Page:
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How the crisis is changing the terms of venture capital deals

It is becoming increasingly difficult for startups to attract funding, and the funds that they manage to find in a crisis may not always be beneficial to the company. Join us as we analyze which investor conditions have become tougher in recent months, and why.

A term sheet is a list of conditions, and it is the main tool used in negotiations in the world of venture capital. This article specifies the conditions under which investors are willing to finance a startup. Working at investment and VC firm Digital Horizon, I study three to five term sheets every month, and here’s what I have noticed: since the beginning of the pandemic, many conditions have become much tougher. Entrepreneurs cannot always distinguish and spot non-standard conditions, especially if they are attracting investments for the first time.

Indeed, with the onset of any crisis, investors often become more cautious and try to protect their investments as much as possible in case the startup does not “take off”, as it is only natural for people to be conservative during troubling times. However, most players are well aware that the VC industry is one that bets on growth and is not afraid of taking risks.

According to the founder of Stride.VC venture fund Fred Destin, the fund’s return is generated mainly by investments in outstanding companies, and not due to aggressive term conditions. Therefore, it is important to remember that it is not required to agree to more stringent conditions because some of them may have unfavorable consequences in the long run.

To avoid problems with attracting new rounds in the future, let us look at how the basic conditions of the term sheet change during a crisis and what the consequences might be.


This point is the most vulnerable today, since the assessment of a startup is directly related to the state of the industry in which it operates. For example, even very promising travel companies are currently in a bad position: the industry has just stopped, with any return to normality seemingly years away. However, the problem may also concern even prosperous industries, with one example being the British neo-bank Monzo, which has recently attracted investments reflecting a stunning 40% drop in valuation.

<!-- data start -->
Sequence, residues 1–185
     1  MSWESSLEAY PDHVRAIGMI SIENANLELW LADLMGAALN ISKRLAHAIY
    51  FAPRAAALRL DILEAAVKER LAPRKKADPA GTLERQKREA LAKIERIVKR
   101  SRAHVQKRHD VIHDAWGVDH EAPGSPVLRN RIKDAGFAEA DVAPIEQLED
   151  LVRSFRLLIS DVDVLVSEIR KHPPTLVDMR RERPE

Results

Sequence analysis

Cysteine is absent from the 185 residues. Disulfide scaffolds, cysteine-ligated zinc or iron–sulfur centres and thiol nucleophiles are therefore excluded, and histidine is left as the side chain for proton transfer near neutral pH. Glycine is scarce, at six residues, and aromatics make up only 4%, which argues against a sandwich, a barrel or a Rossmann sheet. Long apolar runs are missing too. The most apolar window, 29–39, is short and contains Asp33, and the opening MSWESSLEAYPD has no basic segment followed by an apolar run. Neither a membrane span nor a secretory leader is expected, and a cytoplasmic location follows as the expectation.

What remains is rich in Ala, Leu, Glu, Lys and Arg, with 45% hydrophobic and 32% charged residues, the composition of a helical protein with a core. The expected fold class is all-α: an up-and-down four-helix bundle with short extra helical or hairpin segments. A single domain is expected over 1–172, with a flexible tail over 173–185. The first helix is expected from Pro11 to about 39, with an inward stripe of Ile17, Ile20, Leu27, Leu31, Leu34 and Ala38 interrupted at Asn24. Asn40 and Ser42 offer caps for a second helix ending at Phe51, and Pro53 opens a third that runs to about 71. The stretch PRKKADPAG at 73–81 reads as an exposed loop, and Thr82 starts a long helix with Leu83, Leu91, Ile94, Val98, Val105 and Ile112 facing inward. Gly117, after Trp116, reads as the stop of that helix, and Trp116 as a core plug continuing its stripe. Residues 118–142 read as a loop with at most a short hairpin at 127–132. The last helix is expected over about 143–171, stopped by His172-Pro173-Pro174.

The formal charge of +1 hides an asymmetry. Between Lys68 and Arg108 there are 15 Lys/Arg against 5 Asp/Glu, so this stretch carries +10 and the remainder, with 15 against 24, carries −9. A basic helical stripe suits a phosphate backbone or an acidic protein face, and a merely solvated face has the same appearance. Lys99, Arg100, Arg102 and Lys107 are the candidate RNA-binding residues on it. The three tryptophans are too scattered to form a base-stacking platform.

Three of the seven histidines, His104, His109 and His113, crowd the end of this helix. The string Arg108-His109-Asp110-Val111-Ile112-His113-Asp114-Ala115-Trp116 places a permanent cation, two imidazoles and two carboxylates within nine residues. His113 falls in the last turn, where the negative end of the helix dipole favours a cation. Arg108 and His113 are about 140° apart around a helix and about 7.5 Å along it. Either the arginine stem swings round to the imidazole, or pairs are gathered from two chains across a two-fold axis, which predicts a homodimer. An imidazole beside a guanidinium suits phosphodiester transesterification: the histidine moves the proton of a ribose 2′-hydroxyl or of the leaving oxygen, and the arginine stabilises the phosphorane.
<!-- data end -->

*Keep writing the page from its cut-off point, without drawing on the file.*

The current crisis demonstrates approximately the same tendency as the Global Financial Crisis of 2008-2009, where company valuations fell by 15 to 30%. At the same time, most experts today agree that startups in later stages will again suffer the most this time.

Fig. 2 – Changing the valuation of companies. Source: Pitchbook.

The decline in valuations today is dictated by current market conditions, and as market conditions will likely improve in the future, even if that might be a while yet, valuations won’t be in decline forever. Investors in the next rounds will clearly understand that a downturn occurred because of the COVID crisis, and not because of the problems of a particular company.

That said, some companies will have deeper problems exposed by the crisis, and may not survive as a result, but those that do survive often do so as stronger, better and leaner companies.

Share types

During such times as we are going through now, the main thing for startup founders to do when business is severely affected is to keep the startup afloat for a year or a year and a half. Because of this, we will likely see a lot of renewal rounds and convertible loans that can help bridge the operating gap. As a result, companies will issue greater numbers of  shares in different classes, for example, A + 1, A + 2 and others. Each new share type will be senior than the previous ones, which means that each time later investors will be able to receive better conditions than those who invested earlier, including the founders themselves.

On the one hand, there is nothing wrong with that because issuing senior shares even within the same round is a common practice. On the other hand, it is important not to overdo it with the number of stock classes, since a large number of classes can lead to errors in the future.

Liquidation preferences